What it got wrong: Cathode-break excitation was missing. The mechanism for anode-break excitation was incorrect. The Hodgkin-Huxley model predicts that anode-break excitation arises from the ion channel kinetics (for the cognoscenti, hyperpolarization removes sodium channel inactivation). This type of anode-break excitation doesn’t happen in the heart but did occur in my simulations, leading me astray. This wrong anode-break mechanism led to wrong explanations for the dip in the anodal strength-interval curve and the no-response phenomenon. (For the correct mechanism, look here.)

Below I reproduce the final paragraph of the manuscript, with the parts that were wrong in red.
“What useful conclusions result from these simulations?” is a fair question, given the limitations of the model. I believe the primary contribution is a hypothetical mechanism for the dip in the anodal strength-interval curve. The dip may arise from a complex interaction of anode-break and anode-make stimulation: A nonpropagating active response at the virtual cathode raises the threshold for anode-break stimulation under the anode. The same interaction could explain the no-response phenomenon. A second contribution is a hypothesis for the mechanism generating periodic responses to strong anodal stimuli: Anode-make stimulation cannot propagate back toward the anode because of the strong hyperpolarization, and the subsequent excitation of the tissue under the anode occurs with sufficient delay that a reentrant loop arises. This hypothesis is related to, but not the same as, the one presented by Saypol and Roth for cathodally induced periodic responses. These mechanisms are suggested by my numerical simulation using a simplified model; whether they play a role in the behavior of real cardiac tissue is unknown. Hopefully, my results will encourage more accurate simulations and, even more importantly, additional experimental measurements of the spatial-temporal distribution of transmembrane potential around the stimulating electrode during premature stimulation of cardiac tissue.
Even though this manuscript was flawed, it foreshadowed much of my research program for the mid 1990s; it was all there, in the rough. Moreover, in this case the reviewers were right and I was wrong. At the time, I was angry that anyone would reject my paper. Now, in retrospect, I realize they did me a favor; I benefited from their advice. For any young scientist who might be reading this post, don’t be too discouraged by critical reviews and rejection. Give yourself a day to whine and fuss, then fix the problems that need fixing and move on. That’s the way peer review works.

## Friday, February 5, 2021

### The Spectrum of Scattered X-Rays

Chapter 15 of Intermediate Physics for Medicine and Biology discusses Compton Scattering. In this process, an x-ray photon scatters off a free electron, creating a scattered photon and a recoiling electron. The wavelength shift between the incident and scattered photons, Δλ, is given by the Compton scattering formula (Eq. 15.11 in IPMB)

Δλ = h/mc (1 − cosθ) ,

where h is Planck’s constant, c is the speed of light, m is the mass of the electron, and θ is the scattering angle. The quantity h/mc is called the Compton wavelength of the electron.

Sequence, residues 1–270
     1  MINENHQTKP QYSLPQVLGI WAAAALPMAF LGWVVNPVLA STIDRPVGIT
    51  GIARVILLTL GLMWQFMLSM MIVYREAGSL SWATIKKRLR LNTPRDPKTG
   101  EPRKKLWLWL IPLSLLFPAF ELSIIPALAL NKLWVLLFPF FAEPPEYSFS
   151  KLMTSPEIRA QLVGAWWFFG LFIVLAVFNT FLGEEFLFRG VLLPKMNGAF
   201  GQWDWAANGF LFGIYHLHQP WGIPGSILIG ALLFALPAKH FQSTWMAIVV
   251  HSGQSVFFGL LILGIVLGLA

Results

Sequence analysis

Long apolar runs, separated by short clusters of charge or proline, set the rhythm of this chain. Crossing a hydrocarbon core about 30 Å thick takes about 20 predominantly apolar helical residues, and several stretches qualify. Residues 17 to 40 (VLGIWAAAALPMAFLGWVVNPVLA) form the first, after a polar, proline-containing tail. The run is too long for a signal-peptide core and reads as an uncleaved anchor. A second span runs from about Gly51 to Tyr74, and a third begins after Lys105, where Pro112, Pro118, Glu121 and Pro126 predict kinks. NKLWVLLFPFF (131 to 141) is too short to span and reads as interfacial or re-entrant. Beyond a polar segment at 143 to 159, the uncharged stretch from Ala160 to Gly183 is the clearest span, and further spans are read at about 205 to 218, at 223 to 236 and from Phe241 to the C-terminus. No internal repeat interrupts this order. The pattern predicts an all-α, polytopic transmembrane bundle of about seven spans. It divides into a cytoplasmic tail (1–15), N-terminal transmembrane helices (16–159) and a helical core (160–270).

I enjoy studying experiments that first measure fundamental quantities like the Compton wavelength. Such an experiment is described in Arthur Compton’s article
Compton, A. H. (1923) The Spectrum of Scattered X-Rays. Physical Review, Volume 22, Pages 409–413.
Compton’s x-ray source (emitting the Kα line from molybdenum) irradiated a scatterer (graphite). He performed his experiment for different scattering angles θ. For each angle, he first collimated the scattered beam (using small holes in lead sheets) and then reflected it from a crystal (calcite). The purpose of the crystal was to determine the wavelength of the scattered photon by x-ray diffraction. Russ Hobbie and I don’t analyze x-ray diffraction in IPMB. The wavelength λ of the diffracted photon is given by Bragg’s law

λ = 2 d sinϕ ,

where d is the spacing of atomic planes (for calcite, d = 3.036 Å) and ϕ is the angle between the x-ray beam and the crystal surface. For fixed θ, Compton would rotate the crystal, thereby scanning ϕ and analyzing the beam as a function of wavelength. The intensity of the beam would be recorded by a detector (an ionization chamber).

Let’s analyze Compton’s experiment in a new homework problem.
Section 15.4

Problem 7½. Use the data below to calculate the Compton wavelength of the electron (in nm). Estimate the uncertainty in your value. Compton’s experiment detected x-rays at both the incident wavelength (coherent scattering) and at a modified or shifted wavelength (Compton scattering).

I like this exercise because it requires the reader to do many things:

• Decide which spectral line is coherent scattering and which is Compton scattering.
• Choose which angle θ to analyze.
• Estimate the angle ϕ of each spectral peak from the data.
• Approximate the uncertainty in the estimation of ϕ
• Convert the values of ϕ from degrees/minutes to decimal degrees
• Determine the wavelength for each angle using Bragg’s law.
• Calculate the wavelength shift.
• Relate the wavelength shift to the Compton wavelength.
• Compute the Compton wavelength.
• Propagate the uncertainty
• Convert from Ångstroms to nanometers.
If you can do all that, you know what you’re doing.

Compton’s experiment played a key role in establishing the quantum theory of light and wave-particle duality. He was awarded the 1927 Nobel Prize in Physics for this research. Let’s give him the last word. Here are the final two sentences of his paper.
This satisfactory agreement between the experiments and the theory gives confidence in the quantum formula for the change in wave-length due to scattering. There is, indeed, no indication of any discrepancy whatever, for the range of wave-length investigated, when this formula is applied to the wave-length of the modified ray.